12 thoughts on “Is it Unethical to Have a Piano With Ivory Keys?

  1. I say if its a antique its fine the animal is already dead and you can’t take it back you might as well get good use out of the ivory keys and keep them in good condition. Because they do feel nice to play on.

  2. Banning ivory is stupid! Even now when they catch the poachers they burn the confiscated Ivory worth millions of dollars that starving villagers could use to buy food. Banning Ivory is racist , elitist , and moronic. Elephants are over populated, they destroy crops in areas where famine is already common. Elephant leather is not banned. I can sell an elephants hide, and bones, eat his meat. But the Ivory is not marketable? If all the African elephants die….. so what! You sure can sell parts of human fetus’ that have been ripped from their mother’s wombs, since that’s a woman’s right to choose. You imbecilic nature worshiping morons have a completely warped sense of ethics! It’s a stupid animal.Don’t legislate your animal worshiping morality on the rest of us!

    1. ‘Poaching’ ivory should be banned, as it is.
      However, animals that have died naturally can yield valuable items to be used. For large piles of elephant tusks to be burned is unbelievable, in that the nature of things would warrant the use of the ‘remains’. These remains can be utilized for the good things in life, including the restoration of antique piano keys.

      1. You hate Ron because he’s right, dear, where you just want to conform to the “popular” point of view.
        Think about the fact that for thousands of years the world was fine, and all of the problems in the world suddenly started when your generation showed up.

  3. I have a 1923 Stodart studio upright with ivory keys. To have the keys replaced with plastic would be an idiotic, pointless waste. The elephants that provided the ivory died a century ago. What would I do with the ivory that was removed? Throw it in the trash? Burn it? How would that benefit the animals that died so long in the past, or, for that matter, elephants living today? Sometimes activism is taken too far, beyond reason.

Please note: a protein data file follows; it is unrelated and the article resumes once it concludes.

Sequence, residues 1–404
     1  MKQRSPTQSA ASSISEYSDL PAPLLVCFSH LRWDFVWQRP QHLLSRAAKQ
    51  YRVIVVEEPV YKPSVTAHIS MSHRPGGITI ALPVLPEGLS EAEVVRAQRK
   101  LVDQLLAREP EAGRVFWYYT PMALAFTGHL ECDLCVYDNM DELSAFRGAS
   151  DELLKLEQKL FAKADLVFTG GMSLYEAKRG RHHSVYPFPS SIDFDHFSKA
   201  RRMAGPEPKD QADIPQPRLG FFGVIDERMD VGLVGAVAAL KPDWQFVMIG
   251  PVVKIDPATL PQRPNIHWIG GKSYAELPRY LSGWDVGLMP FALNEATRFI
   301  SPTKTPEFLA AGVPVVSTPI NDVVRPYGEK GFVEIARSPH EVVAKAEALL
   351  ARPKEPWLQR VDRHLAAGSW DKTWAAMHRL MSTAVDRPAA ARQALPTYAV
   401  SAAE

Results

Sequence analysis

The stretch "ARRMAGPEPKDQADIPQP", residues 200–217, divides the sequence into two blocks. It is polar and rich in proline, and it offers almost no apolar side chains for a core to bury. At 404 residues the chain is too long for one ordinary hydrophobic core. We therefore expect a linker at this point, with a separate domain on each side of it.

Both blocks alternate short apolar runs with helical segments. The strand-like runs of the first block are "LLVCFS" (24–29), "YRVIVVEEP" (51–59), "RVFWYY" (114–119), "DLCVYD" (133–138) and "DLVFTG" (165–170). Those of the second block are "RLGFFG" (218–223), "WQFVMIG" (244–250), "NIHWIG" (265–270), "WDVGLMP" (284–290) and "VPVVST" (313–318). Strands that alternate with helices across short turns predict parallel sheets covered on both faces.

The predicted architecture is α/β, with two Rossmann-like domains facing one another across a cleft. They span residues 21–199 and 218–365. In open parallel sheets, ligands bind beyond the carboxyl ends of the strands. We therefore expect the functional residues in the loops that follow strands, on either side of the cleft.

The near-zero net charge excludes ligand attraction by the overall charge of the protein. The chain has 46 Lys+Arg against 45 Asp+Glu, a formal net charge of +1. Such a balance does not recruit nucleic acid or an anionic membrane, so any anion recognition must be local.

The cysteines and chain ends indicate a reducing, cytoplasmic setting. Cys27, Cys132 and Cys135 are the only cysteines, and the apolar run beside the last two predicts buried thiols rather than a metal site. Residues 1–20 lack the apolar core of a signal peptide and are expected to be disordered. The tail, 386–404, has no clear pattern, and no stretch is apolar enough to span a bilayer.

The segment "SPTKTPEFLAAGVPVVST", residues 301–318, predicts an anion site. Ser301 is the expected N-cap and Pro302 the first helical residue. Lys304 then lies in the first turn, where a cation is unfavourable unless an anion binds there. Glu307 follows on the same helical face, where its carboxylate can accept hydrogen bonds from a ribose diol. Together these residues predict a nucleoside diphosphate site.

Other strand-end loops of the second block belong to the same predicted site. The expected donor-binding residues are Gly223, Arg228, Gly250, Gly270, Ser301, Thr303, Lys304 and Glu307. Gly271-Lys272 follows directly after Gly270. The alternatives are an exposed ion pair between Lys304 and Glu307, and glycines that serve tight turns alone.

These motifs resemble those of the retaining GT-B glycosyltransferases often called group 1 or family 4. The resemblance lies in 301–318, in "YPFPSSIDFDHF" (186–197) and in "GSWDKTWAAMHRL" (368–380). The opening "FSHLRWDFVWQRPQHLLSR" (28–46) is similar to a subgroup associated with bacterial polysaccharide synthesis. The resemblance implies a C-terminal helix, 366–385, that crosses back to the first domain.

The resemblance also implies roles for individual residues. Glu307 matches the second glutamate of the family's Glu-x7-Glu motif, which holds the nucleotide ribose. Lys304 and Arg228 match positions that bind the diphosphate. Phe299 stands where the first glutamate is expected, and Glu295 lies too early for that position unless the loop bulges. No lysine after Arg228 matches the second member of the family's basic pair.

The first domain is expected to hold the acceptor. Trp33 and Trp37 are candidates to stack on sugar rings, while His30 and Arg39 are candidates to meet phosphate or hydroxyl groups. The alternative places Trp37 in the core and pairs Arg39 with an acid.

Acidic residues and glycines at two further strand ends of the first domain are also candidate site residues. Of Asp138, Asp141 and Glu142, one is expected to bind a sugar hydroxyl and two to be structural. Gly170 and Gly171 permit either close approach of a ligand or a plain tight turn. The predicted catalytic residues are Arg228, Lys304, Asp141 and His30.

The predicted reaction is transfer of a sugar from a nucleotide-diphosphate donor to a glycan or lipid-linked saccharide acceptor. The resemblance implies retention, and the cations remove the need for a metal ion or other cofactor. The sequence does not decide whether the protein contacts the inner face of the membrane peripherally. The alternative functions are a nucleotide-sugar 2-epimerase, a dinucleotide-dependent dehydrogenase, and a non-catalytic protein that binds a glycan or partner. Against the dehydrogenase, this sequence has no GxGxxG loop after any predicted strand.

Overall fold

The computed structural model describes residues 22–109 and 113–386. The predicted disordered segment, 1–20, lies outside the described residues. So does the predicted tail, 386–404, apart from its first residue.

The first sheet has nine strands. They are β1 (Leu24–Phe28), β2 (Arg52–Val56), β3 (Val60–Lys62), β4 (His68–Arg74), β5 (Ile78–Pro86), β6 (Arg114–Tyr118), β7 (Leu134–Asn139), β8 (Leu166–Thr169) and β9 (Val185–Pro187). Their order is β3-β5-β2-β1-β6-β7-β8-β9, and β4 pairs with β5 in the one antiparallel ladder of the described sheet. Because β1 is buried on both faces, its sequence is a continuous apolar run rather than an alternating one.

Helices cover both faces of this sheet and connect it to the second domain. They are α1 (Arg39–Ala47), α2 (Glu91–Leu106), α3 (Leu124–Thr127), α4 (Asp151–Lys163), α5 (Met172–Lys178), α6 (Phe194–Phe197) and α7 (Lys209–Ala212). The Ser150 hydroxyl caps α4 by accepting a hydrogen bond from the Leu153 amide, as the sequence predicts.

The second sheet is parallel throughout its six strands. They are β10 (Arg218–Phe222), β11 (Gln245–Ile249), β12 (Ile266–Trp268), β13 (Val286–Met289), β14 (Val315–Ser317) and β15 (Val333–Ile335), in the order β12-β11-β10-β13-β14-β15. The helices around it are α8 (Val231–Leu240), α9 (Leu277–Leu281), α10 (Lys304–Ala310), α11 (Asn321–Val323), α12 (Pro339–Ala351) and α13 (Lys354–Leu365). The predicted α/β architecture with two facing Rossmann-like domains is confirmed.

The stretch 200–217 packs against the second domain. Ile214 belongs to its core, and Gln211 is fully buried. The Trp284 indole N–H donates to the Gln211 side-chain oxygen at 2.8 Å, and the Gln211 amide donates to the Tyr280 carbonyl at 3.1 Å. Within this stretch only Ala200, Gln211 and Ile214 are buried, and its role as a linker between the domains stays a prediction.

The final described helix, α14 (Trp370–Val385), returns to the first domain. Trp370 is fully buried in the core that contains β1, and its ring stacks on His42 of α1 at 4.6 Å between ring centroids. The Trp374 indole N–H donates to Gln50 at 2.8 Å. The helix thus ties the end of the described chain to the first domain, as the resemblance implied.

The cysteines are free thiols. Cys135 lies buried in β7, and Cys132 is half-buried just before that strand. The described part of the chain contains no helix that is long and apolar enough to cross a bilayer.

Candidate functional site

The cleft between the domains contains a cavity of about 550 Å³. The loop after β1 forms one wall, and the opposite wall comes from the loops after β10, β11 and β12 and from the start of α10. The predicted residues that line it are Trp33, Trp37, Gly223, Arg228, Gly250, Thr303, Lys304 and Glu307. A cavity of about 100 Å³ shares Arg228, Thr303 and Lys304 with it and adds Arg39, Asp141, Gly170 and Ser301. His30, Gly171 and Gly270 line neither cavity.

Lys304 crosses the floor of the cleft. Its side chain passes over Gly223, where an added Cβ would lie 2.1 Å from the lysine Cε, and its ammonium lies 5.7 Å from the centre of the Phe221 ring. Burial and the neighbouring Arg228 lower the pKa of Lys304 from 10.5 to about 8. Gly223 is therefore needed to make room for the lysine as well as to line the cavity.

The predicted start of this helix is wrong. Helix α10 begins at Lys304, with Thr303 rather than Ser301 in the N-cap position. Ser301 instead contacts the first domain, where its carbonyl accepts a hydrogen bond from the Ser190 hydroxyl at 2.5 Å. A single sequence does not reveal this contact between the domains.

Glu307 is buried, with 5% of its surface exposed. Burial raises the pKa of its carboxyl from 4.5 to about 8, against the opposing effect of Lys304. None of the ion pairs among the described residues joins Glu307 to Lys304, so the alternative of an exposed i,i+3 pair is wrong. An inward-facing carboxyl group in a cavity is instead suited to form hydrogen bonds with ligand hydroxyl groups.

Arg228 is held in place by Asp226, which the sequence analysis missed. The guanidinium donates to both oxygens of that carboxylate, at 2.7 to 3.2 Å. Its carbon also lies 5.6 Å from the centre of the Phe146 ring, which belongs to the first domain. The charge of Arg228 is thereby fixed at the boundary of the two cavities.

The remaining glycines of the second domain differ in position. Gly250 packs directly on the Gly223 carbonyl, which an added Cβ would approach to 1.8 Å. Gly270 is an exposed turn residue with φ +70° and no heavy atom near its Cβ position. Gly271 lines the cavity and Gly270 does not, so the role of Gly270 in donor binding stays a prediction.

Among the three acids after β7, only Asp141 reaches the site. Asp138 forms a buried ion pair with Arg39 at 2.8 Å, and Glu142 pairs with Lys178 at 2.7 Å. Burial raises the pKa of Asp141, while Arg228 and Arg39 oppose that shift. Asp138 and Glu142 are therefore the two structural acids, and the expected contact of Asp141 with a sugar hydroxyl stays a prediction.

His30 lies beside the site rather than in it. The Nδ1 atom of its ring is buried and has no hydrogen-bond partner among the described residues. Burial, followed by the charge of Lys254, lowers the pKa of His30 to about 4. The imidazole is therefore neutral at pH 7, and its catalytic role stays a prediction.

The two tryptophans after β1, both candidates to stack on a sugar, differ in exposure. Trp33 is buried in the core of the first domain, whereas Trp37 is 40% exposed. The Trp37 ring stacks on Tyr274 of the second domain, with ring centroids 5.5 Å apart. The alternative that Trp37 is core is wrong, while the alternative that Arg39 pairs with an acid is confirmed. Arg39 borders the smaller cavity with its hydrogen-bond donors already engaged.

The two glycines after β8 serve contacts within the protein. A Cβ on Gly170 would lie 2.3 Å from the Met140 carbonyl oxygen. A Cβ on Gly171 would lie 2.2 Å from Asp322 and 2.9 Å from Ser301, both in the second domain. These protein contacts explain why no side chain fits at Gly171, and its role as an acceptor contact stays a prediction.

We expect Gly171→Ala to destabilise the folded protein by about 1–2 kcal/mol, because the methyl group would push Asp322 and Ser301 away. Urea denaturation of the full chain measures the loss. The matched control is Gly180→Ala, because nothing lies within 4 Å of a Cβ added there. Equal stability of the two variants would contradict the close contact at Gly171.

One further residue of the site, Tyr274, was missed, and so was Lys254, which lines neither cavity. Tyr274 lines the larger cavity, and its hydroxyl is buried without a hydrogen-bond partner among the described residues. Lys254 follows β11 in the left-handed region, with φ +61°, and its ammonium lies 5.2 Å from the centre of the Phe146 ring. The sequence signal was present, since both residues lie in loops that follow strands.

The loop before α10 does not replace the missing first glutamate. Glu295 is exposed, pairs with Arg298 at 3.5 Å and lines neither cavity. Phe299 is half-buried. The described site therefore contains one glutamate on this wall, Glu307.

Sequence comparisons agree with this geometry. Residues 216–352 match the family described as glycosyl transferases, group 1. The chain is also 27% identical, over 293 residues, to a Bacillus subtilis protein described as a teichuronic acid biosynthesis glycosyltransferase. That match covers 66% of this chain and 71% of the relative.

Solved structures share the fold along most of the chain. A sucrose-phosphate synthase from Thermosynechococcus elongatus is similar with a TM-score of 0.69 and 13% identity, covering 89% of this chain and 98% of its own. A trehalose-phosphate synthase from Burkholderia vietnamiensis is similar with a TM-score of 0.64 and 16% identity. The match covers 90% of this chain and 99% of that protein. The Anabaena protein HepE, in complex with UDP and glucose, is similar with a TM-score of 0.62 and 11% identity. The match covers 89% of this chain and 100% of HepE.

4. Ivory is precious. Instead of destruction, it should be conserved and recycled. It should be harvested from reserve elephants that have died from natural causes. If you want to make a law, require the recycling ivory – especially from old pianos and guitars.

    A while back, it was reported that instead of killing elephants, the poachers were raiding the confiscated stores of ivory thereby saving the lives of countless elephants. So what happens? They burn the stores and put elephant lives at risk.

  5. Sir Paul McCartney advocates for Meat Free Monday…I never read him talk about Piano Free Monday to save elephants…

  6. It seems this may be a bit of a dead issue. It is much more economical for keys to be produced from almost any other type of eligible material, and if one wanted an “authentic” ivory keyed instrument it could be achieved (at a great expense) by finding an existing ivory source that required no animals to be hurt.
    Even if one wanted fresh ivory this could be accomplish by harvest the ivory from animals that die of natural causes – whether it be in a zoo or in the wild. Again, you had better have the bucks to afford it.

  7. This article became silly to me when I got to the paragraph with the sentance “or even just about the use of animals for consumer purposes, it can be hard to process.”
    You realize that even without the ivory keys, animal hide glue was and is used in pianos and many other furniture items.

  8. Nice plug for Stienway and Baldwin, but could you please tell me then who will make what I want, w/ ivory.
    Thank you for any assitance into this matter.

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